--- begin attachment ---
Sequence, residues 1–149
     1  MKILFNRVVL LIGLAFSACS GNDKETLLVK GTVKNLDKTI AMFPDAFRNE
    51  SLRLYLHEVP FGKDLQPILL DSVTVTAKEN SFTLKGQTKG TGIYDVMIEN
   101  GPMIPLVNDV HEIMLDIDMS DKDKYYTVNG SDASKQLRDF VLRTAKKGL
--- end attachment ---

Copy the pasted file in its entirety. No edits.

Sequence, residues 1–149
     1  MKILFNRVVL LIGLAFSACS GNDKETLLVK GTVKNLDKTI AMFPDAFRNE
    51  SLRLYLHEVP FGKDLQPILL DSVTVTAKEN SFTLKGQTKG TGIYDVMIEN
   101  GPMIPLVNDV HEIMLDIDMS DKDKYYTVNG SDASKQLRDF VLRTAKKGL